A Tradesman's Tale


I guess it turned out to be a good thing I accidentally locked my professional white coat inside some doctor’s office that day. It gave me more freedom in plopping myself down right next to him and sticking my hand out to shake his. Very quickly, I learned two things about him: one was that he liked to talk and the other was that he liked to smile. And for the most part, Richard was accomplishing both at the same time, flashing his toothy grin as he chattered away.

Immediately, we bonded over one thing: New Orleans, which I had to ask about the second I found out he grew up in Franklin, Louisiana. I have recently taken a trip with some friends (Esther included) to NOLA and was greatly impressed with all the French culture. The second we realized we shared a love for this terribly humid and below-sea-level city, we gushed about the mouthwatering Cajun dishes and the on-point street music. As we went on agreeing heartily with each other, Richard announced to me that he himself used to sing and dance. What kind of dancing, I asked as I did my best to calm my eyebrows that have become raised at the thought of this fully tatted 60-year-old man dancing to... well, anything. But he still must have sensed my shock since he chuckled shyly and said, oh pretty much all sorts of dancing, it runs in the family you know. It turned out his father sang and danced, his grandfather sang and danced, and his grandfather’s father did the same.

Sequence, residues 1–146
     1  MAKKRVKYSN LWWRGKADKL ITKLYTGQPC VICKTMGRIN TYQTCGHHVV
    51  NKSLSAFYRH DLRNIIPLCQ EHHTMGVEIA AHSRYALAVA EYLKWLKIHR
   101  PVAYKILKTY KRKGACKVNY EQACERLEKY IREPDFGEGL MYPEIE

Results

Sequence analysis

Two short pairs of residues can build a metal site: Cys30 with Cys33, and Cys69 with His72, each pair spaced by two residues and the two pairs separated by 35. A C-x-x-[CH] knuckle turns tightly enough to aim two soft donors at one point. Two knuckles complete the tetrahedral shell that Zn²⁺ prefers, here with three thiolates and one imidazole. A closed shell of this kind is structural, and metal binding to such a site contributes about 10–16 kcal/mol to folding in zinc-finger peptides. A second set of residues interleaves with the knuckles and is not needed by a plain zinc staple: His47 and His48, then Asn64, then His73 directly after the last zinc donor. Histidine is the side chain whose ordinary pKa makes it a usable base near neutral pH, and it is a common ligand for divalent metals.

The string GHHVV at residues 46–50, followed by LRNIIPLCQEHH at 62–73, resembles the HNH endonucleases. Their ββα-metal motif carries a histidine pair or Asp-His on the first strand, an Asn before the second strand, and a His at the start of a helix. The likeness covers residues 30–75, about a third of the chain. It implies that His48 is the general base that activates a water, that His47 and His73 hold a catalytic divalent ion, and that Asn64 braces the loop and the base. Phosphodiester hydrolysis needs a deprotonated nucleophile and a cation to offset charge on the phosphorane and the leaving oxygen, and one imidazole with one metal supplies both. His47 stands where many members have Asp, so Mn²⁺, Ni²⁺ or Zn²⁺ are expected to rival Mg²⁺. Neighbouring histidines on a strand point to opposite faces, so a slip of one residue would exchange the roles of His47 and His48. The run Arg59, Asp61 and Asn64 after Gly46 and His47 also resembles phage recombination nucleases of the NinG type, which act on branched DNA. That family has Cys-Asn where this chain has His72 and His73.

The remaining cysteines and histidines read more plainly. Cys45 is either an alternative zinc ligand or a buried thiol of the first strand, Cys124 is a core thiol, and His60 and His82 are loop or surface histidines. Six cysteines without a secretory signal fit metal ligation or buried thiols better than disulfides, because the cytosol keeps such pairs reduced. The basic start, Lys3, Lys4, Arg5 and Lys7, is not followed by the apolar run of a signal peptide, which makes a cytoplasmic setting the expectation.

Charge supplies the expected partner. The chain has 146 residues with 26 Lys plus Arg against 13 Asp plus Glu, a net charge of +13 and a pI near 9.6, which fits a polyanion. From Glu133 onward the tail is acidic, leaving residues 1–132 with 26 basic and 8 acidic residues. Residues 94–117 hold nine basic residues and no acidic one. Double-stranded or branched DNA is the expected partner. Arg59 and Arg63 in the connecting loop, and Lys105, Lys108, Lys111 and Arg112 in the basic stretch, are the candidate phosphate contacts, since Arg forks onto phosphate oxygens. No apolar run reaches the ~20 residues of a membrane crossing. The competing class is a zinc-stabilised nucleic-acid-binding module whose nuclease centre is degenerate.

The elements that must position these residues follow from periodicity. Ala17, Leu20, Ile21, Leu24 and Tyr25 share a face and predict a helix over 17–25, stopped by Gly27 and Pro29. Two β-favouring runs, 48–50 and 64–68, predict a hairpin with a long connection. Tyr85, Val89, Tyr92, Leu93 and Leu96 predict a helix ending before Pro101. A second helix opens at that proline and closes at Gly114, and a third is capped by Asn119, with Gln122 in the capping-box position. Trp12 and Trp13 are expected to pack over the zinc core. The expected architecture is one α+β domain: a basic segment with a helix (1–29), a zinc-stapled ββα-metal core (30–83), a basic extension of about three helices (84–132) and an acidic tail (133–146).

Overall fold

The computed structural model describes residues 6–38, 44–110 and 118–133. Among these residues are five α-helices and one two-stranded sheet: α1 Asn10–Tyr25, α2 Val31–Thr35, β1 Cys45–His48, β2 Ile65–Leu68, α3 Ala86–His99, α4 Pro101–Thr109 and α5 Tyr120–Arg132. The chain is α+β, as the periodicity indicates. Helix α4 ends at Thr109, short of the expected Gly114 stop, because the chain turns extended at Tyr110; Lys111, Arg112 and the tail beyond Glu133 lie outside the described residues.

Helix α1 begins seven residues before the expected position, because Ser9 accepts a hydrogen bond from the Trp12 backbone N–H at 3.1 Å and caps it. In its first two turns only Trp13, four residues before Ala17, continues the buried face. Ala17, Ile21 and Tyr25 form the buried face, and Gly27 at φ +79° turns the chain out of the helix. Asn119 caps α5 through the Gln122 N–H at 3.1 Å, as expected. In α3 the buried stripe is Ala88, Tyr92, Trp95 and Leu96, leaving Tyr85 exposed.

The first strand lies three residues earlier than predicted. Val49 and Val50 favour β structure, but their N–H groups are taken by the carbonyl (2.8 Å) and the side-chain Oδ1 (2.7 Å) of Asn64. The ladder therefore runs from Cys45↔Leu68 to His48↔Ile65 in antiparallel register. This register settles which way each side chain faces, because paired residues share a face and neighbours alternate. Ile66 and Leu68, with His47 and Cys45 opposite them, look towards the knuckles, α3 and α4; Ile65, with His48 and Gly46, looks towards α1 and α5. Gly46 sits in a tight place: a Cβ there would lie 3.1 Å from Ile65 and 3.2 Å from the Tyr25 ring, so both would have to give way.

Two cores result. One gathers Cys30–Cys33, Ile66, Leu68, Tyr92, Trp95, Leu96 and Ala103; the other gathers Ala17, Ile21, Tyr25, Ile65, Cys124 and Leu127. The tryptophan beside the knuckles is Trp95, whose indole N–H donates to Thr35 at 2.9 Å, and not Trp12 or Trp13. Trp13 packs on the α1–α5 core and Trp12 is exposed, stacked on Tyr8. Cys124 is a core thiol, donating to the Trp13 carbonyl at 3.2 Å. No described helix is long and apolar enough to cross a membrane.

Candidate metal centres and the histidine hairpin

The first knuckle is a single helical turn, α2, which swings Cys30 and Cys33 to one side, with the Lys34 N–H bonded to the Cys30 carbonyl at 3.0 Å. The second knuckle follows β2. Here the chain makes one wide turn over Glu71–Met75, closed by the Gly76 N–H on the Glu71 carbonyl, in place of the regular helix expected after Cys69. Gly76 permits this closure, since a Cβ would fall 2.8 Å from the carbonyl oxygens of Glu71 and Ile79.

For just a little while as his thoughts became so vibrant, the mumblings of hunger around us dimmed and we were transported 50 years back. We arrived at a Christmas party around the fireplace, with women spinning at the side of their men and the feet of children tapping away. And there was Richard, capering right into the crowd. I noticed he never answered what dancing he did, but I decided it wasn’t important. All I really needed to know was that he sang and danced.

* * *

So whenever anyone talks to me about life stages, my mind always runs to a wall of shelves – one that is not so stagnant. Don’t ask me why, it just does. I guess what I’m picturing is a tall wall, with all the thoughts we have ever possessed being the pottery pieces placed ever so delicately on the individual shelves, and our most current thoughts on the very bottom. For the most part, as life goes on and as the past becomes more and more of a passing, that piece of memory is shifted a little higher and a bit more out of our grasp. But occasionally, we reach for that ceramic article from years ago and suddenly we find ourselves lurking onto a past shelf and into a different stage.